CBMR Digest is a publication of the Center for Black Music Research at Columbia College Chicago

Columbia College Chicago

CBMR Digest

Latest Issue: Fall 2014

ISSN # 2168-3301spring 2012 | Volume 25, No. 1

Staff Notes

Head Librarian and Archivist Suzanne Flandreau completed four discographies on traditional music of Africa and the African diaspora to be published in the fourth edition of A Basic Music Library, compiled by members of the Music Library Association. It will be published by the American Library Association in 2013.

Executive Director Monica Hairston O’Connell attended the HASTAC (Humanities, Arts, Science, and Technology Advanced Collaboratory) conference on Digital Scholarly Communications at the University of Michigan in December. In November, she served as a co-panelist with members of the Melba Liston Research Collective on a session titled “Gender and Jazz: The Melba Liston Research Collective” at the American Musicological Society annual meeting in San Francisco. Her review of Songs in Black and Lavender: Race, Sexual Politics, and Women’s Music appeared in vol. 16 of Women and Music: A Journal of Gender and Culture. She served as a music judge for the 2012 3Arts Awards and was awarded a John Nicholas Brown Center Public Humanities fellowship for fall term 2012 at Brown University for her project “Re/Sounding the Black Archive.”

Janet Harper, Catalog Librarian, gave a presentation to a group of church women on black music, with a focus on Melba Liston, Eileen Southern, and Florence Price. In support of the CBMR’s future move, Harper attended two meetings sponsored by KM Chicago, a knowledge management organization, on designing space to enhance collaboration both in the physical world and in the virtual world. She continued her outreach work by participating in Columbia College’s annual “In the Mix” event for prospective multicultural students. Harper also attended a training workshop titled Library Instruction for Diverse Student Populations.

In March 2012, Associate Director of Research Horace Maxile served as moderator for two panels at the Videmus @ 25 Celebration, which was held at the University of North Carolina at Chapel Hill. The two sessions were titled “Interdisciplinary Perspectives on Treemonisha” and “The Black Composer: Past Perspectives, Current Trends, and Future Directions.”

Archivist and Digital Librarian Laurie Lee Moses took an intensive class on mobile app creation for iOS devices; she is considering creating apps featuring CBMR archival collections and other resources for educators, students of all ages, and the public. Moses attended the Midwest Archives Conference in Grand Rapids, Michigan, in April, applied for and received a Travel Grant to attend the May 2012 ARSC Conference in Rochester, New York, and participated in an all-day seminar on copyright law as it pertains to recorded sound collections. She has served as the chair of the Recorded Sound Roundtable of the Society of American Archivists since August 2011. Moses also joined the recently formed ad hoc Chicago area digital collections group for networking and social connections and participated in the CARLI-sponsored webinar on promotion and marketing of archives and archival collections.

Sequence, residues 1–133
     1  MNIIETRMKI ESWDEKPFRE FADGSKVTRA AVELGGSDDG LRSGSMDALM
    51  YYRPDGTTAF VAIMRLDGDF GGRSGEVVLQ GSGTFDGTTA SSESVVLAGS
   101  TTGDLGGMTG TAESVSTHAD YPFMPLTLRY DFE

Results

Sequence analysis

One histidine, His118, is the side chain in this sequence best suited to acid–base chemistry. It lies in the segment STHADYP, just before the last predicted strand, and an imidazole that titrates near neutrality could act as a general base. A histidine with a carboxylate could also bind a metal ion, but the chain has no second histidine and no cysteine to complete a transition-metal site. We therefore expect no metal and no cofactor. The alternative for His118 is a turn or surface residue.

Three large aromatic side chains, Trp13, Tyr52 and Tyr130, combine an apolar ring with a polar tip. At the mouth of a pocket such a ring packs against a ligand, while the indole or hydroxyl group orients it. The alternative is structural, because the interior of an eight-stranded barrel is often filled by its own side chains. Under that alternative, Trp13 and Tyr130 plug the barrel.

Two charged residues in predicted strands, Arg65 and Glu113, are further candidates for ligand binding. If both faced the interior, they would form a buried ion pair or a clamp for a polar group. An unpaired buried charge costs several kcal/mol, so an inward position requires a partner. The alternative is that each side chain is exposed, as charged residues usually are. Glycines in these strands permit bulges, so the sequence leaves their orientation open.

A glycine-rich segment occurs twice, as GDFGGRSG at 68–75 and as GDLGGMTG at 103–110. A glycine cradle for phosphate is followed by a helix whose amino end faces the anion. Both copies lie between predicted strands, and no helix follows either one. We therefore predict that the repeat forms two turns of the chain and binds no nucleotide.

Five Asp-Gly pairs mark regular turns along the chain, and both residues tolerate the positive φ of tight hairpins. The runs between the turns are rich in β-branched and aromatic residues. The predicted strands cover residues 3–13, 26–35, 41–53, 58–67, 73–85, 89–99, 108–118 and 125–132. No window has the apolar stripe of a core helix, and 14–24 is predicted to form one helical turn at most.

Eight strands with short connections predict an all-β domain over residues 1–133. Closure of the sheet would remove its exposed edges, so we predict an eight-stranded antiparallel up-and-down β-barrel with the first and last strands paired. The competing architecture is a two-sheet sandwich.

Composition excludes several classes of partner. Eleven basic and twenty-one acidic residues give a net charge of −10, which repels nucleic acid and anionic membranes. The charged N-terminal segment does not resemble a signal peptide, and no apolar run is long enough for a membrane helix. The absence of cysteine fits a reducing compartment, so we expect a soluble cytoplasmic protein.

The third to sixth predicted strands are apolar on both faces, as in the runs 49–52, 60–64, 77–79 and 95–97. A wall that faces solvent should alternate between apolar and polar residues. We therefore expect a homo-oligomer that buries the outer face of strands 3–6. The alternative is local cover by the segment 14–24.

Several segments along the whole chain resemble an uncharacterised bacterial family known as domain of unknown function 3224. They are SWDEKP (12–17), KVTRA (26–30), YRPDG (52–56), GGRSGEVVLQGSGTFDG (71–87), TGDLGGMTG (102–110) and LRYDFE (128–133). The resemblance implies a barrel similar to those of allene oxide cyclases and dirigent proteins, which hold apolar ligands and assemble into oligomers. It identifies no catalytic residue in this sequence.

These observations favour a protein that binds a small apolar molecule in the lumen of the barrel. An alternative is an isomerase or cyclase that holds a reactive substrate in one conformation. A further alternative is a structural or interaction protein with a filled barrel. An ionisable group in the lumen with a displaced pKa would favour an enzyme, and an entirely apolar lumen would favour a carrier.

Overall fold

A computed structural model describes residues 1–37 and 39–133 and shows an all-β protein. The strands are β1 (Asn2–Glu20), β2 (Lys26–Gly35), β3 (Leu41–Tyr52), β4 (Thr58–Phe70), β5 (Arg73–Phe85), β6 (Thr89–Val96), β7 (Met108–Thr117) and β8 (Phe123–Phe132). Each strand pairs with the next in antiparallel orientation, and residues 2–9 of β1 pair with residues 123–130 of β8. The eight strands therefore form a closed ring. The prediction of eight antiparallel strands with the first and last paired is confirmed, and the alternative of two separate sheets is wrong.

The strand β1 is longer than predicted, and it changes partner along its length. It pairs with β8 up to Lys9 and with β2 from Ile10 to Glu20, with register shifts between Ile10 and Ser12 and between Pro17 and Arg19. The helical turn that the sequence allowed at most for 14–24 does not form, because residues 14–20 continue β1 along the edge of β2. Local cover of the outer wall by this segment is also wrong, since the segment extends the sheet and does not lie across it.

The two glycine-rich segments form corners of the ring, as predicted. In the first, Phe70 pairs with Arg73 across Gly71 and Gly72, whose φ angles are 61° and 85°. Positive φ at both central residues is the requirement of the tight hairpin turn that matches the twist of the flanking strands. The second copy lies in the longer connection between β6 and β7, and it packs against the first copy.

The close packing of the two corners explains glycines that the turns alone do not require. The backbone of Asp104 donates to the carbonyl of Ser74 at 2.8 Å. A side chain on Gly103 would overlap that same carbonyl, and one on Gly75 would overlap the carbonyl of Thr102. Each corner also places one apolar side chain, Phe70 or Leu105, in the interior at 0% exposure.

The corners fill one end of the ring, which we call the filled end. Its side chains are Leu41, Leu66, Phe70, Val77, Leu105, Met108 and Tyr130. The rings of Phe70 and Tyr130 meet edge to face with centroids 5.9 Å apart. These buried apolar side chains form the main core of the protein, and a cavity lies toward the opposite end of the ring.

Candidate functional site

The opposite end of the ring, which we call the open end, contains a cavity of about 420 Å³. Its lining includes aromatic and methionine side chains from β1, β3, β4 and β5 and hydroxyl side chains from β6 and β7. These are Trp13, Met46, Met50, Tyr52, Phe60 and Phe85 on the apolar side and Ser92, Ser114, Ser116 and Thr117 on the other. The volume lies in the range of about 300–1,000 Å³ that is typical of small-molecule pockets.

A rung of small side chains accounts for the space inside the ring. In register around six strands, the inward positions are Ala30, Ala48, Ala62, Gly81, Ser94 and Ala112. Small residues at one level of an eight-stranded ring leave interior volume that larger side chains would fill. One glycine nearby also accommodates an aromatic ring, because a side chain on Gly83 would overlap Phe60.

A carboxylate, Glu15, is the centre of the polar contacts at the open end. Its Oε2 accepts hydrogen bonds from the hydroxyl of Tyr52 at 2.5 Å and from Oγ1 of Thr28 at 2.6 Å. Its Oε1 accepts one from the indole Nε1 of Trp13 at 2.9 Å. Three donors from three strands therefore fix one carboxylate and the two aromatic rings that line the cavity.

In June Deputy Director Morris Phibbs served as a music panelist for the Illinois Arts Council.

CBMR Webmaster Peter Shultz continues to work on his dissertation and teach undergraduate writing courses at the University of Chicago.

In addition to co-teaching a course on Western art music for music majors at Columbia College Chicago in fall 2011, Research Assistant Melanie Zeck taught an introductory course on music history at the University of Chicago in Spring 2012. This past academic year, as coordinator for the University of Chicago Music Pedagogy workshop, she organized a series of eight sessions focusing on both traditional methods and new trends in teaching music history, theory, and ethnomusicology at the university level. Her dissertation research, broadly conceived, involves the interrelationship of Plato’s teachings, social reconstructionism, and music making in the United States, has been enhanced substantially by her continued work at the CBMR. Her research is funded by a Swift Endowment Scholarship and a Laura Campbell Rhind Research Fund Award. This summer, she will be spending time at the Working Men’s Institute at New Harmony, Indiana, investigating the role of music in this nineteenth-century American utopia.

More from spring 2012